Madeline McMahon on Robert A. Orsi & Karin VélezThe defining feature of a miracle is that it does not make sense in its context. Yet a miracle poses other problems, too. It breaks the bounds of time and space, not just in the moment and location in which it occurs, but also in a larger and longer space-time continuum. A single miracle, one that leads the historian of a particular time and place to scratch her head, may take its meaning from the cumulative power of many miracles past and the hope of miracles to come. It might be part of a growing tidal wave of similar miracles sweeping across the globe. How should historians understand the multiplicity of a miracle—its repetitions and eerie rhyming with other events? Two recent books offer new ways forward, especially for writing the history of the miraculous in Catholicism.
Karin Vélez’s The Miraculous Flying House of Loreto: Spreading Catholicism in the Early Modern World does so by tracing what she calls the “mythohistory” of her titular flying house. The House of Loreto was both shrine and relic: it was the home in which Mary had raised Jesus, and it had been flown across the Mediterranean by angels to land on this Italian hill town. Despite its precise location, the House had the ability to reproduce itself in multiple forms. Shrines to the Madonna of Loreto, Incan processions celebrating this Madonna, and even the repetitive naming—of women, bays, towns, and churches—after Mary all reinforced one another. Vélez compares the growth of Lauretan devotion to the snowballing popularity of the Star Wars franchise: the fans, or in this case, the devotees, contributed to the legend. Only by reconstructing the heady combination of myth and history that the House accrued can she fully describe the reiterative nature of Loreto’s history. Her “mythohistory” captures the ways in which early modern Catholicism was collaborative and cumulative.
Vélez’s mythohistory of the House of Loreto ranges from the sixteenth to the eighteenth century. It covers the European ecclesiastics who wrote histories and guidebooks about the shrine and the communities in the Americas who made these histories their own. She deftly compares and contrasts New and Old World visions of Mary. Her handling of the case of Marie Tsaouenté, a devout Huron woman who ran a Christian household in the Jesuit mission of Lorette, is illuminating. When consulted by a French Jesuit about the burial of a child, Marie gave a rousing speech from the doorstep of her holy home on the immortality of the soul. Vélez compares her to her contemporary Caravaggio, who also imagined a holy yet accessible Mary perched on the threshold of her home in his “Madonna of the Pilgrims” (also known as the “Madonna of Loreto”). Marie Tsaouenté fashioned herself as a living icon of the Virgin. Vélez is comfortable with the power of mere association, even when a crucial detail, like what Marie Tsaouenté in fact said, cannot be entirely substantiated. Association—of terms, saints, events, and structures—is the tool that binds the contents of her wide-ranging book, as well as the one that her early modern subjects used to understand and participate in the wandering, omnipresent cult of the Virgin. The Portuguese Jesuit António Cordeiro thus exalted a local Marian shrine through comparison and association with that at Loreto. Similarly, Vélez reconstructs this world of associative devotion by assembling her protagonists’ constant echoing, imitation, and repetition, of the divine and of each other.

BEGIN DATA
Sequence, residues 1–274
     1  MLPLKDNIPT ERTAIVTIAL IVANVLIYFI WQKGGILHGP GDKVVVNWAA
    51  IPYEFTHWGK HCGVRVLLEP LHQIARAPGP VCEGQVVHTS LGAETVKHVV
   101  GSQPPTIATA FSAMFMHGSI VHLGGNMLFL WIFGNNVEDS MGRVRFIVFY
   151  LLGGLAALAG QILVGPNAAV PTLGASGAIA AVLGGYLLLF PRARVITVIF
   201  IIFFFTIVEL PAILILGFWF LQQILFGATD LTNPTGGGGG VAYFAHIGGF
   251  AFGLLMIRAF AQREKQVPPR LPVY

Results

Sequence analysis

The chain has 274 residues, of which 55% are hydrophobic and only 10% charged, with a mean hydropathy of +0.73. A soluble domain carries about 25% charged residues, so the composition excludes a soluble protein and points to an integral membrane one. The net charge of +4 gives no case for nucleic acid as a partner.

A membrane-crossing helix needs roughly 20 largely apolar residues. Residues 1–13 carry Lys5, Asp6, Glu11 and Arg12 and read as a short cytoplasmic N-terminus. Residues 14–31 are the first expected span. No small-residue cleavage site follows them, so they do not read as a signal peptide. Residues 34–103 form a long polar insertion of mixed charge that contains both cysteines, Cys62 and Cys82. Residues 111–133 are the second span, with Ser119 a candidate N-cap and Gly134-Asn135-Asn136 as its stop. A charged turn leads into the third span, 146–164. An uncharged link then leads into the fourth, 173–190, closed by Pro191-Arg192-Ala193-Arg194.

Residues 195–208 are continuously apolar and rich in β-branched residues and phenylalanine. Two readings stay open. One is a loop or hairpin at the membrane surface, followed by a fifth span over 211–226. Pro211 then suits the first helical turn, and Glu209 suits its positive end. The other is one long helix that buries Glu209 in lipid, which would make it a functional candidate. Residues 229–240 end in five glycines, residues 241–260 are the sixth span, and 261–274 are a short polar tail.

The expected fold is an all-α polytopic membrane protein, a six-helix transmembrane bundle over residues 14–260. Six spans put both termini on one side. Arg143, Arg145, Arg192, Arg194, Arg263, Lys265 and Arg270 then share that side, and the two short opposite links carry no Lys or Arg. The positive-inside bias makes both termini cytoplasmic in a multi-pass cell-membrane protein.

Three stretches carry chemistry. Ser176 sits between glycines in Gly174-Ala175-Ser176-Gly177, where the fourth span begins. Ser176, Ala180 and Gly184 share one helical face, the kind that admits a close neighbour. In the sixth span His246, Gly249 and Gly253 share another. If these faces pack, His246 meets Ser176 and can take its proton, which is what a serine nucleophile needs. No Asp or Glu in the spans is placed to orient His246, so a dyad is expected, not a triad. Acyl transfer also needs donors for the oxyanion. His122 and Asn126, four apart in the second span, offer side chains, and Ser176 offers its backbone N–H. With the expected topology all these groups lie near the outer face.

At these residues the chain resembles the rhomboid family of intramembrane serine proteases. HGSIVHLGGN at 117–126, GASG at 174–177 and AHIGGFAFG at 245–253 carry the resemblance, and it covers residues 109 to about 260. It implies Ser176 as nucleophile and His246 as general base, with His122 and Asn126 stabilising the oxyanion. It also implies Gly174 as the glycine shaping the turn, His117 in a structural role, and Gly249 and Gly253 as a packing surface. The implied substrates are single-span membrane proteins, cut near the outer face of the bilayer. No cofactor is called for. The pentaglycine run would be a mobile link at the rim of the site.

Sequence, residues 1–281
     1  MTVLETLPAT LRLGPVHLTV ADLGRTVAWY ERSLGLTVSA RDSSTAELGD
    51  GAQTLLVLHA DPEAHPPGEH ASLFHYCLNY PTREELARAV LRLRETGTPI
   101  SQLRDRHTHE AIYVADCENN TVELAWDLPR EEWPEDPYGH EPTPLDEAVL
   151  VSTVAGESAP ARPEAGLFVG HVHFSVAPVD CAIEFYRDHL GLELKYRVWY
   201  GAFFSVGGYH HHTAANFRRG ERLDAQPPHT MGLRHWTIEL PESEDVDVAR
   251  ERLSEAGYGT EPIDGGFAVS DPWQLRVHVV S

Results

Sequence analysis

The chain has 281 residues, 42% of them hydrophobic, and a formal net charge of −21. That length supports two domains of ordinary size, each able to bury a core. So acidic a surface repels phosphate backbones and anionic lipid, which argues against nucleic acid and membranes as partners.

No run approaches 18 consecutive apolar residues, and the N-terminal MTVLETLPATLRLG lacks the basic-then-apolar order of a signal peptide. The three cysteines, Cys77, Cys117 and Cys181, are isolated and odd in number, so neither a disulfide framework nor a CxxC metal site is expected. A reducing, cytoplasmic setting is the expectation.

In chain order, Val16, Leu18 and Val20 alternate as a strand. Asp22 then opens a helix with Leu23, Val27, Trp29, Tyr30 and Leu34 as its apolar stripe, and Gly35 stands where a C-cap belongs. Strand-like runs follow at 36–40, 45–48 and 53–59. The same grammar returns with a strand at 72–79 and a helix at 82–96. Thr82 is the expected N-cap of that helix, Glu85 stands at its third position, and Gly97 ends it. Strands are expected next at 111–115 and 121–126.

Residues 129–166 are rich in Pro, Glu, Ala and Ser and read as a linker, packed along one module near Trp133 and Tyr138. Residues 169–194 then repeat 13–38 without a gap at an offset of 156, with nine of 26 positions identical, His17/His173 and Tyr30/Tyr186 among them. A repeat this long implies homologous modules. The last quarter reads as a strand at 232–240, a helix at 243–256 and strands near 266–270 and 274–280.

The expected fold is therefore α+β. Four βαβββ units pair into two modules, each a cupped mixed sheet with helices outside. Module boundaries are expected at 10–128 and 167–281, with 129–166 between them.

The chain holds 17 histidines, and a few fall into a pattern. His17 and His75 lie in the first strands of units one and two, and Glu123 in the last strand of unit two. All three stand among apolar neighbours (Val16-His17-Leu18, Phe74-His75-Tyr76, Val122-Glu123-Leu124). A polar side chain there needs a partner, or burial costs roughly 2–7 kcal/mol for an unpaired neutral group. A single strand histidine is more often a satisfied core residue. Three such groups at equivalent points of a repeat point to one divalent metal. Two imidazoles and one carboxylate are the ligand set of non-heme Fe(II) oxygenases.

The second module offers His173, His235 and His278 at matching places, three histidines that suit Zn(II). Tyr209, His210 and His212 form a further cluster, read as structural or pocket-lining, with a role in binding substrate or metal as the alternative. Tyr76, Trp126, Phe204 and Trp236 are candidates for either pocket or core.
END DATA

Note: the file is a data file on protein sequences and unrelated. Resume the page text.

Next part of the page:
Robert Orsi’s History and Presence argues that contextualizing miraculous phenomena so that they make sense to us—describing them as social constructions or linking them to the politics of their time—ignores the encounter between human and divine that contemporaries experienced. Such contextualization omits what we meant to interpret in the first place. But it also ignores the fact that a single event radiates outward. The apparition of the Virgin to Bernadette at Lourdes is part of a longue durée of miraculous history, that continues down to the modern-day pilgrims healed at the shrine. Bernadette’s vision, then, is described by Orsi as an “abundant event,” when the divine erupts through time and space—not once, but over and over, in myriad ways. To tell the story of such an event, we need to write “abundant history.” For Orsi, such a history includes the gods not as symbols but actors: divinities miraculously and truly present.